PLANS to build a new marina in Burnley could be halted over fears about underground mines and gas.

An assessment by the Coal Authority revealed the site off Colne Road, which could be used to house the multi-million pound development, had 'mining hazards which need to be considered'.

It classified the former coal mining area as 'high risk' and said building on the site could cause issues with subsidence and or problems with gases.

If given the go-ahead, the marina would be able to accommodate 80 canal barges and plans include a clubhouse, shop, washing facilities, parking for staff and visitors and cycle storage.

It would be built on the former Bank Hall Miners Club, which was destroyed by a large fire in 1993.

The club, which was known as a mecca for Northern Soul fans, was never rebuilt and the site stood empty for years becoming a target for fly-tippers.

Brian Hobbs, the president of Burnley's Chamber of Trade, said he hoped the Coal Authority's assessment would not stop the plans going ahead.

He said: "This is obviously a small hiccup which we hope will be sorted out soon.

"If the investigations have to be carried out then they should be and any alterations or work which needs to be done can be carried out.

"It's a really pleasing proposal because it will benefit the town massively.

"It would be a real leisure attraction and Burnley can use leisure as a lever to get people into town."

Within a planning document, a spokesman on behalf of applicant Lee Plaister said the new build would be 'of benefit to the community in terms of waterside regeneration, tourism and generating interest to the local canal network'.

The Coal Authority said intrusive site investigations would need to be conducted and a comprehensive report for any remedial works must be submitted for their approval.

Melanie Lindsley, planning liaison manager at the authority, said: "I have reviewed the proposals and confirmed the application site falls within the defined 'development high risk area', therefore within the application site and surrounding area there are coal mining features and hazards which need to be considered.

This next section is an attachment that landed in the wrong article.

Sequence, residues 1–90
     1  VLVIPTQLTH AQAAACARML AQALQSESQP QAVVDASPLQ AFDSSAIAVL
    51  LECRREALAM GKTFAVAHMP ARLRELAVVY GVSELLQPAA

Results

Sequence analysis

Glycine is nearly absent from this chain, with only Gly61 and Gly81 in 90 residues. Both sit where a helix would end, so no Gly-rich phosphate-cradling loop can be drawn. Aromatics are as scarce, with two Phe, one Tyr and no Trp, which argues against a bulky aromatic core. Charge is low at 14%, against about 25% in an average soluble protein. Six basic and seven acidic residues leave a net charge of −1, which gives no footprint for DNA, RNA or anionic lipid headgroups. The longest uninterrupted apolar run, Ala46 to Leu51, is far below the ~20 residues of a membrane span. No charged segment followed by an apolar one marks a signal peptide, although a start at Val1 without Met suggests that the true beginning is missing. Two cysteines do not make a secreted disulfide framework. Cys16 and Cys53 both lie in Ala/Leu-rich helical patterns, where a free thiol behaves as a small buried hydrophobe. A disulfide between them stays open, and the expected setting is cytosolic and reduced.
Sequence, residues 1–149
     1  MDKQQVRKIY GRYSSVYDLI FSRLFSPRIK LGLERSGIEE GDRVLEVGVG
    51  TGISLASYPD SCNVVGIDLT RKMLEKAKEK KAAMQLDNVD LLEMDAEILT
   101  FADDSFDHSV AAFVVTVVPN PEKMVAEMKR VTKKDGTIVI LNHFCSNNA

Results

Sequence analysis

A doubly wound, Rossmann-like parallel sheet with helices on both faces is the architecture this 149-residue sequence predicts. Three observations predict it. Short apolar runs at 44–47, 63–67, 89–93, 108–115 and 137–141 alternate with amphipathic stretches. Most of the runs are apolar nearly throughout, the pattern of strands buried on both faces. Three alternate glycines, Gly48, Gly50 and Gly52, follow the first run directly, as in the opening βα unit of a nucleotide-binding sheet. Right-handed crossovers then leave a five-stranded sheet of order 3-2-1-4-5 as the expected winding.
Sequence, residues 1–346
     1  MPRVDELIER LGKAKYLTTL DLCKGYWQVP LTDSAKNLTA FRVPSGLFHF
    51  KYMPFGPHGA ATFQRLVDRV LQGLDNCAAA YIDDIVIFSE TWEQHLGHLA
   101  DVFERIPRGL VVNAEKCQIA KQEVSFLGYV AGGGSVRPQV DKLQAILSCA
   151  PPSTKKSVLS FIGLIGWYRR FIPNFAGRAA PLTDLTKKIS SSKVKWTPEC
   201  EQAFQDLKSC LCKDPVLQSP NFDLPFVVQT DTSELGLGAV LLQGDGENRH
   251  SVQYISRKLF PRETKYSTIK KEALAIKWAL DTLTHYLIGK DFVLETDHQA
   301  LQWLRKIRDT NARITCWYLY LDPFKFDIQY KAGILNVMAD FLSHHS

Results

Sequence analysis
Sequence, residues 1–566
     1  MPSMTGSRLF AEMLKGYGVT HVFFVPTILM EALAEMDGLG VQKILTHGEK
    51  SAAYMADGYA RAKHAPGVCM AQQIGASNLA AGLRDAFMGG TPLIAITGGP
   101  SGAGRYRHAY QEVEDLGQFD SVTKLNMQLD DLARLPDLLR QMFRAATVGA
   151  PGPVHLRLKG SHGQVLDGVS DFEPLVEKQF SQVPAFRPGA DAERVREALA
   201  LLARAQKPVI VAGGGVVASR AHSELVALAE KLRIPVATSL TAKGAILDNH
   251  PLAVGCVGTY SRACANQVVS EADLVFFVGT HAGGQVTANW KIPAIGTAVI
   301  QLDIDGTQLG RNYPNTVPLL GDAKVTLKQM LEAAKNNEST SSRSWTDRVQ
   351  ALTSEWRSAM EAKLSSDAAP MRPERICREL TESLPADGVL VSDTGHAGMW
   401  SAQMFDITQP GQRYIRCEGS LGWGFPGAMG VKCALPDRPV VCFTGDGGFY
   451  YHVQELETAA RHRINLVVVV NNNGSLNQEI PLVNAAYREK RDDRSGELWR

"The Coal Authority records indicate the site is in an area of likely historic unrecorded coal mine workings at shallow depth.

"Having reviewed the available coal mining and geological information the coal mining risk assessment concludes there is a potential risk posed to the development by past coal mining activity.

"Intrusive site investigation works should be undertaken prior to development in order to establish the exact situation regarding coal mining legacy issues on the site.

"The Coal Authority considered that due consideration should also be afforded to the potential risk posed by mine gas."

The coal authority does not object to the proposed development subject to the investigations and any remedial works being carried out.

Mr Plaister was unavailable for comment, however within a report to Burnley Council he submitted a mining risk assessment conducted by Earth Environmental and Geotechnical.

In the report a spokesman from Earth Environmental and Geotechnical said: "There are no recorded shallow workings beneath the site.

"The site is located within a development high risk area, due to probable shallow unrecorded workings associated with a conjectured outcropping coal seam.

"The Coal Authority report has highlighted an absence of recorded shallow coal mine workings beneath the site.

"There is however a potential for future subsidence associated with unrecorded mine workings, namely the Lower Bent coal seam.

"As a result, further site investigation work is considered necessary which will require a permit, and fee, from the Coal Authority."